The PGE probably feels a little cocky starting its season in Maui this week, with all the pleasures and treasures that such a location suggests. Before you know it, the U.S. “Open” and other events employing that term will come around, and we’ll be in the thick of the majors.
The Europeans, however, are also starting their tour in an interesting place, and by the time the European tour reaches the British Isles, they’ll have a treasure trove of “Opens” to offer as well, in locations and on courses we really don’t hear enough about. If we did, many of us would be in a big hurry to go and play them.
Of course, there’s The Open, played at or near the birthplace of the modern game, so prestigious that to call it by the moniker of British Open seems unstylish and redundantly over-expressed. Like the PGA, however, the Europeans are starting further south, on the beautiful golf club of East London, South Africa. For our friends across the pond, the Africa Open is the inaugural event of the 2012 men’s European Tour. In fact, South Africa’s Thomas Aiken led it in the first round, followed closely by fellow countrymen Retief Goosen and Jaco Ahlers. Welshman Price, du Toit and O’Riley were close behind. If the Africa Open needs to demonstrate any more proof that it’s real, consider that last year’s champion was Louis Oosthuisen, a former British Open…that is to say, Open champion.
The 2012 Irish Open will be held at Royal Portrush, with the 2013 to be played at Carlton House Golf Club in Killarney, where it’s been held twice before – has a music all its own, doesn’t it? The Portrush incarnation
will be the first time since 1953 that the Irish Open has moved north of the border. The website’s description barely does it justice. When it comes to scenery, Ireland does it right, and golf is no exception.
The Scottish Open has become the richest event in Europe among those with no PGA affiliation. The purse has grown to three million pounds, which would make some lucky laddie very happy. The first Scottish Open was played at Dundee, and the second, before disappearing for twelve years, at St. Andrews, returning to Glasgow. For the last decade, it’s been played at Loch Lomond, giving new meaning to “You take the high road, and I’ll take the low road,” depending on one’s shot-making ability. Luke Donald and Graeme McDowell have won it, but Scot Colin Montgomerie took the prize in 1999. You can catch this scenically gorgeous event in Inverness, far to the north…but bring a scarf, and binoculars to watch the killer whales.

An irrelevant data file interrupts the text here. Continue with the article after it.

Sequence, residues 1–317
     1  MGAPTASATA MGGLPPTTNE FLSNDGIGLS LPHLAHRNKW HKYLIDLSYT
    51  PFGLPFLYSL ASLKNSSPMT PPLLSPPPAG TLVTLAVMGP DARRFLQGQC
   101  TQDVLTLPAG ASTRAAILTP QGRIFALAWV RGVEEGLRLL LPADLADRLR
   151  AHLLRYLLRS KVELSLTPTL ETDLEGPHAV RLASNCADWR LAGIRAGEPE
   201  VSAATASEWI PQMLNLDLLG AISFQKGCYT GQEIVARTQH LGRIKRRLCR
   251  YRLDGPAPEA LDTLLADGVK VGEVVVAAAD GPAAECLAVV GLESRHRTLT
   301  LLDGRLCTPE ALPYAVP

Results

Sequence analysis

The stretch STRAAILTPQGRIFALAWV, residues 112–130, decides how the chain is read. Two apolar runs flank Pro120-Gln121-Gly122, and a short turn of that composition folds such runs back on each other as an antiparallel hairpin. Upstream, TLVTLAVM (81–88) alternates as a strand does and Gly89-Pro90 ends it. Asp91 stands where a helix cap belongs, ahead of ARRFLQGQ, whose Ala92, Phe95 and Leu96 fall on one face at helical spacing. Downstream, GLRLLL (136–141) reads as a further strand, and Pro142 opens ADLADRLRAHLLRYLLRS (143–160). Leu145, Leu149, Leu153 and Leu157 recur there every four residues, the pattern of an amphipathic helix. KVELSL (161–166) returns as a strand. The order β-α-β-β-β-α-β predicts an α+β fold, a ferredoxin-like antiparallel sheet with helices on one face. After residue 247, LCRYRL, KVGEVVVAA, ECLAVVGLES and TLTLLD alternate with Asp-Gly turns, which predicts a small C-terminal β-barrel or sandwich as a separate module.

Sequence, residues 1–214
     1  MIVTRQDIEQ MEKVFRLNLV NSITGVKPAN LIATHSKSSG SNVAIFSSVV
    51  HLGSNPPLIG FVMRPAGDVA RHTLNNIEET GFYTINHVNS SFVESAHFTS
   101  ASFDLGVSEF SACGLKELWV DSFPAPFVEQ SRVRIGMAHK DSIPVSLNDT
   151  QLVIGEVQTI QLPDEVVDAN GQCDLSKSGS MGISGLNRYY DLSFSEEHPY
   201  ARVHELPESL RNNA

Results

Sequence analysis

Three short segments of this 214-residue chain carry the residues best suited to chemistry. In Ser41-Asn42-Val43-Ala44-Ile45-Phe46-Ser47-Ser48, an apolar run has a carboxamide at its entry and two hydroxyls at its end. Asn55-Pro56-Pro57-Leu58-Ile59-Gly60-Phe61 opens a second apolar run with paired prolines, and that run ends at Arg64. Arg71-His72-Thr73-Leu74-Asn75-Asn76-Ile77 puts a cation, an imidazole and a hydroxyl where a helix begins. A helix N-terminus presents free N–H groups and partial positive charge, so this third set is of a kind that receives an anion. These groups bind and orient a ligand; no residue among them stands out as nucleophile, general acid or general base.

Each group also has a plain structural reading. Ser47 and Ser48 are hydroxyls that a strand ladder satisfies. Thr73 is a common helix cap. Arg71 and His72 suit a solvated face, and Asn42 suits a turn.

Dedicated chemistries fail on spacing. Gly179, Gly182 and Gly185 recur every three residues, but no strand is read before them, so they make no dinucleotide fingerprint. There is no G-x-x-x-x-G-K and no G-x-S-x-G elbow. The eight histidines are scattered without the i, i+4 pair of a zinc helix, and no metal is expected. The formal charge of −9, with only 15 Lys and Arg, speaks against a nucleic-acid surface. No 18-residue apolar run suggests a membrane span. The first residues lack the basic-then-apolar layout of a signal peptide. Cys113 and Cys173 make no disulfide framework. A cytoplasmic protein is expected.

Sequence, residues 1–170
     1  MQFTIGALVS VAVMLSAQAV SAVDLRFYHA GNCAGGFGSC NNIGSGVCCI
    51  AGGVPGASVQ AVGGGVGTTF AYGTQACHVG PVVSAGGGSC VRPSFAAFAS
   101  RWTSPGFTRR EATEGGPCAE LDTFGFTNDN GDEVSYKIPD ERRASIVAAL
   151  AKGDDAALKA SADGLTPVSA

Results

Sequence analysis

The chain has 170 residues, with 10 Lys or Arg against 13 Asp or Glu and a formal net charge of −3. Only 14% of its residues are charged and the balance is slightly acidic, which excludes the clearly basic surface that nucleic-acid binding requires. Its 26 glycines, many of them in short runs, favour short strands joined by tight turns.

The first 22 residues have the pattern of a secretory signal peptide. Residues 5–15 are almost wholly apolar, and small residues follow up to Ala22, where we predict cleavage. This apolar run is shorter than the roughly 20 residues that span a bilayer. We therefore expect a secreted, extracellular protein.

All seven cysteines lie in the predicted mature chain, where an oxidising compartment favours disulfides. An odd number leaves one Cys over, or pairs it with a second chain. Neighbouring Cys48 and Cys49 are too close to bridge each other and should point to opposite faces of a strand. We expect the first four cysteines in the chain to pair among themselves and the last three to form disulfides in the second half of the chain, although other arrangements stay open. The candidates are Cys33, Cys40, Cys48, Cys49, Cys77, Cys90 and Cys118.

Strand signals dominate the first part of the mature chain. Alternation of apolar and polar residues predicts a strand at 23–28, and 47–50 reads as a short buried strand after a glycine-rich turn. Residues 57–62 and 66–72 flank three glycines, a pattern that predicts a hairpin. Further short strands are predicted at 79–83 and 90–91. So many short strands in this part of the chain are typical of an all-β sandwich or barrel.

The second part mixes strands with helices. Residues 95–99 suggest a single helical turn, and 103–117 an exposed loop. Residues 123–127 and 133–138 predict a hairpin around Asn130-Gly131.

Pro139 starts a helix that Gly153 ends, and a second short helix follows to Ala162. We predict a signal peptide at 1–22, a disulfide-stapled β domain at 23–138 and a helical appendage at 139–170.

The ISPS Wales Open used to be the Saab Wales Open, and before that, the Celtic Manor Wales Open. Established in 2000, it’s played in June every year on the eye-catching Golf Club course of Newport, South Wales, which was the venue for the 2010 Ryder Cup. Winners have included Donald, McDowell, Khan and Poulter, but no Welsh champion to this point. If Ian Woosnam would get back out there and practice, I’ll bet he’d take care of that omission pretty quick.
So, enjoy that golf game under the palms, PGA, with those fancy drinks, hula dancing and luaus in between. You’ll get yours later. Meanwhile, your European brothers are whipping up some interesting scenes of their own and taking on some beautiful but daunting courses. I mean, take a gander at Portrush. Is that a scary looking golf course or what? Aloha.